Top tips to manage your weight12 August 2020
Updated: 17 February 2021
Do you dread the thought of healthy eating? No problem. A few small changes to your eating habits and exercise routine can make a big difference to your weight – which can help your arthritis symptoms.
Here’s our top tips on ways to help you manage your weight.
Am I a healthy weight?
Being overweight can increase the strain on your joints, so keeping to a healthy weight can help . Eating fewer fats and less sugar can also improve your heart health and help to manage conditions like diabetes.
Being underweight can also have health risks. This can be a symptom of some conditions, like rheumatoid arthritis. Being underweight is linked to an increased risk of fractures, which is related to osteoporosis.
One way to work out if you’re a healthy weight is to use a BMI calculator.
BMI stands for body mass index and works out if your weight is healthy based on your age, gender and height.
Check out the NHS BMI calculator to see what your score is. The tool also gives advice on how to achieve and maintain a healthy BMI.
A BMI score between 18.5 and 24.9 is in the healthy range. If your BMI is in a range below or above this, you may need to consider making changes to your diet.
Eat a balanced diet
Keeping to a healthy weight is all about making sure the amount of food you eat is equal to how active you are.
Try to eat a low-fat, healthy, nutritious and balanced diet that has the right proportion of foods from the main food groups:
- fresh fruit and vegetables
- starchy foods, such as potatoes and wholegrains; bread, rice or pasta
- foods containing protein, such as beans, pulses, meat, fish or eggs
- dairy or dairy alternatives
- unsaturated oils and spreads
Wholemeal options are particularly healthy as they contain more fibre and nutrients.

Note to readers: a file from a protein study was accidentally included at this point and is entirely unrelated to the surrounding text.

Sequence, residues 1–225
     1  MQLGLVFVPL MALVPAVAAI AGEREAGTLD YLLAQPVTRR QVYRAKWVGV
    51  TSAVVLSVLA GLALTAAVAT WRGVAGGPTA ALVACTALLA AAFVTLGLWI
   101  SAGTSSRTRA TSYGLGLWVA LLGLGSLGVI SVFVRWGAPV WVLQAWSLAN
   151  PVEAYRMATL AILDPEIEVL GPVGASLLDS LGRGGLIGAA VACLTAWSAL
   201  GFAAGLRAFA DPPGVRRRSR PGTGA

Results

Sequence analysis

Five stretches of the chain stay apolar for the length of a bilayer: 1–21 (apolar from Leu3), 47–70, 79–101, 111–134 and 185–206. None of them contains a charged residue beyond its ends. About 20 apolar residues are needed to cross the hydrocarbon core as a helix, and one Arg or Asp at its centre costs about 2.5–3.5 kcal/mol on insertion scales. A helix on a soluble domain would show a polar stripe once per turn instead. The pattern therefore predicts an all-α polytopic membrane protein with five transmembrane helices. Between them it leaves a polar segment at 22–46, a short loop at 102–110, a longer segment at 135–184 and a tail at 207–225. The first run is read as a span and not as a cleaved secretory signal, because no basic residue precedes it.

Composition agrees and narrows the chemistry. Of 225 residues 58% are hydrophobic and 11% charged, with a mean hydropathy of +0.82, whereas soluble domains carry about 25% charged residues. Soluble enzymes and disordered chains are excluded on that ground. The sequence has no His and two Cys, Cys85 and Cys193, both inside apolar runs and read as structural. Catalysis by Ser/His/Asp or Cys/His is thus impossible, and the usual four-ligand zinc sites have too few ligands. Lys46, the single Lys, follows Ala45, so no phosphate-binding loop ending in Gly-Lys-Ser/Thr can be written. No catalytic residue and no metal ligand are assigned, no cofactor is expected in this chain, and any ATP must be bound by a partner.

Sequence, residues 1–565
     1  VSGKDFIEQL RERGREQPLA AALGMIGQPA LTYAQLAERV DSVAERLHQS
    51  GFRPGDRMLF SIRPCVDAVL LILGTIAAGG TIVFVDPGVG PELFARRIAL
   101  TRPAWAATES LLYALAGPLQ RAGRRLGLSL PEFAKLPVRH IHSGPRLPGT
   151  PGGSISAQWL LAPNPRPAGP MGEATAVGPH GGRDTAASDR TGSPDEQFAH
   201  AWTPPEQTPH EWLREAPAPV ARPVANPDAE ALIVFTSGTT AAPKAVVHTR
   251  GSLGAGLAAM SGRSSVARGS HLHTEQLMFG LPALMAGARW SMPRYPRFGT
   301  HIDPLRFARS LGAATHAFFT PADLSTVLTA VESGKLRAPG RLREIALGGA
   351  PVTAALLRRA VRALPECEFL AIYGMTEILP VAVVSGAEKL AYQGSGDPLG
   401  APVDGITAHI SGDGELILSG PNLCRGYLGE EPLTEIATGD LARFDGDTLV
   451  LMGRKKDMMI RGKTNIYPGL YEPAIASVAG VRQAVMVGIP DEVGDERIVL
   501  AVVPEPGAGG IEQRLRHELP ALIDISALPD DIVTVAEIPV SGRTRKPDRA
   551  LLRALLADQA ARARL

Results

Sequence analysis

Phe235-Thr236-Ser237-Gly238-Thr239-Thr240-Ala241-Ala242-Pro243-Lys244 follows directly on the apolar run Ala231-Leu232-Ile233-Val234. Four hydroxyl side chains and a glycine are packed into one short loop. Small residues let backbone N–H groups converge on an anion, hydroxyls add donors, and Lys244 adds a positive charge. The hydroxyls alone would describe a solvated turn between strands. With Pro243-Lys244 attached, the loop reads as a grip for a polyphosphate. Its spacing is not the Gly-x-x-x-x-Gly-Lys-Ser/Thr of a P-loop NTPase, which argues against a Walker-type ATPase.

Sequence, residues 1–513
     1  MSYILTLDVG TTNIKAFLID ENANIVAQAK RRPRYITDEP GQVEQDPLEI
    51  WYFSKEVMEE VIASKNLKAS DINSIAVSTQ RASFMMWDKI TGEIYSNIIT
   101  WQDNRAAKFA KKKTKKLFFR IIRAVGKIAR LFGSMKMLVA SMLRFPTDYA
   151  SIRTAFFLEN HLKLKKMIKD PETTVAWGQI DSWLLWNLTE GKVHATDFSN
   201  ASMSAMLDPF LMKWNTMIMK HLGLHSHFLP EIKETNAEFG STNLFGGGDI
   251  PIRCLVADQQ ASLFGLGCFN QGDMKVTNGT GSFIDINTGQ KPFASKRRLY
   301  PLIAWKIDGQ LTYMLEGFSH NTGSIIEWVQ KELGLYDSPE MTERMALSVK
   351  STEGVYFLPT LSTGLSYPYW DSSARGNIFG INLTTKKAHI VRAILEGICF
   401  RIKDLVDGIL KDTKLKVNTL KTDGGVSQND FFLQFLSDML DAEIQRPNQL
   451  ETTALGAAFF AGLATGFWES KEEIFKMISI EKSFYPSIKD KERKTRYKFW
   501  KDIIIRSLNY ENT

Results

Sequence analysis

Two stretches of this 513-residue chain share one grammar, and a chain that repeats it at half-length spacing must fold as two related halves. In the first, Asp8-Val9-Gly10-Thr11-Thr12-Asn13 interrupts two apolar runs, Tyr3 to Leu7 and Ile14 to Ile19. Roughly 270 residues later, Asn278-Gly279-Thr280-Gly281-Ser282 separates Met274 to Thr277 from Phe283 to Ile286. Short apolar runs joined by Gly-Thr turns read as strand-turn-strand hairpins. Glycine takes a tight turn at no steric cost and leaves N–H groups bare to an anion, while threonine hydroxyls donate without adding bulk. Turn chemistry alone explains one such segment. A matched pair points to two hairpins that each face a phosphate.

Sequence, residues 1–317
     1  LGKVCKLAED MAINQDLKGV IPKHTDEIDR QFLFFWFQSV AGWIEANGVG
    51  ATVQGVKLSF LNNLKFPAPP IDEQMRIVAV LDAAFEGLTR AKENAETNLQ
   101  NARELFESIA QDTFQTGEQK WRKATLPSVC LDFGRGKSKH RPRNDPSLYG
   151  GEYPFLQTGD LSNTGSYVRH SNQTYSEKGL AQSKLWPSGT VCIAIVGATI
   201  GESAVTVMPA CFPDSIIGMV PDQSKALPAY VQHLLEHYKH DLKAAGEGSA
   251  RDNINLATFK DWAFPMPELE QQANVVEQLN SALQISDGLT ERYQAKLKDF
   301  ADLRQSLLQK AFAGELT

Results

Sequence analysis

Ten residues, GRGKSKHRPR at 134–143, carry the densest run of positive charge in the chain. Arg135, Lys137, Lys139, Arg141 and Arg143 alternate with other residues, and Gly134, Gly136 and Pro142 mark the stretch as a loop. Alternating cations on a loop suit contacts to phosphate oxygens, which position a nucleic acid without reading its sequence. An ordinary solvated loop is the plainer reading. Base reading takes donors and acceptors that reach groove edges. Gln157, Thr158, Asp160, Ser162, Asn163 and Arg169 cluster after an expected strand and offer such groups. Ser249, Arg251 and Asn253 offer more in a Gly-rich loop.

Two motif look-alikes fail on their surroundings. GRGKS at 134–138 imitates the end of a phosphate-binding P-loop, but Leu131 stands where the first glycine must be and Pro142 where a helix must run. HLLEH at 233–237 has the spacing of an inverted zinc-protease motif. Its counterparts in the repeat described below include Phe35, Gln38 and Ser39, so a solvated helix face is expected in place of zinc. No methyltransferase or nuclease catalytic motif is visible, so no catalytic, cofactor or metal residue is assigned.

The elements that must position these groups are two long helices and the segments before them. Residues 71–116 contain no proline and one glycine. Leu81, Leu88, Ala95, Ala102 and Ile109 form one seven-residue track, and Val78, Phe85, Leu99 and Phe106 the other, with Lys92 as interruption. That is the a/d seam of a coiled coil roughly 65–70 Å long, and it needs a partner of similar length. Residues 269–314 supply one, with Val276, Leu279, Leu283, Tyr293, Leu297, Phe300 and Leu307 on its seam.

If you have a condition like arthritis, you might need to speak to your doctor or another healthcare professional for specific diet advice.
Make simple swaps
Try to cut down on sweets, cakes, biscuits and sugary drinks.
Although it’s important to limit the amount of fat that you eat and drink, it’s important to have a healthy proportion of the right types of fatty foods.
Try these options to cut calories with minimal effort.
- Olive oil and rapeseed oil are healthier options if you're frying or roasting food.
- Swap sugary cereals for wholegrain cereals.
- Fish can be a healthier alternative to meat as it’s lower in saturated fat.
Registered dietitian Dr Sarah Schenker (sarahschenker.co.uk) recommends only introducing changes that you believe you’ll stick to and warns against making too many changes at once.
“You know what works for you,” she says. “If you try to make too many changes it becomes impossible, and you’ll lose motivation.”
Use smaller plates
Measuring out your portions can be helpful, particularly for rice and pasta. Look at replacing high-calorie foods with vegetables and salad.
Dr Schenker says: “You can even buy plates with graphics on them to show how much of your meal should be vegetables, protein and carbs, which can be effective.”
Make meal plans
Planning meals is one of the most effective changes you can make, according to Dr Schenker.
She says: “If you don’t plan meals, it gets to 7pm, there’s nothing in the fridge and you say, ‘Let’s just get a takeaway’. Whereas if you’ve planned and shopped and used the weekend to batch cook and freeze portions, you’re much more likely to stick to your plan.”
Get inspired with our range of healthy recipes and try some of our kitchen hacks to make the most of your store cupboard staples.
It’s recommended that adults between 19 and 64 need to do at least 75 minutes high intensity or 150 minutes of moderate aerobic exercise each week – this includes activities such as cycling, swimming or walking briskly.
For people who have arthritis or a related condition, exercise can:
- improve the range of movement in your joints
- reduce stiffness
- increase the strength of your muscles, which support your joints and
- boost your wellbeing.
Find what works for you, many people find yoga, Pilates and tai-chi beneficial.
Why not download the NHS Better Health app to help you kick-start your healthy living plans.
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Everything in moderation
Treats are ok and rest days are recommended.
Remember, your goal is to sustain a healthy weight in the long-term, rather than a quick fix, so be realistic and allow yourself the occasional treat.
Dr Schenker says: “You can lose weight by following the 80:20 rule. That means 80 per cent of the time you’re very aware of eating healthily and 20 per cent of the time you’re a bit more relaxed. So, you might allow yourself your favourite treat at the weekend, whether that’s a cake or a pizza or a takeaway.”
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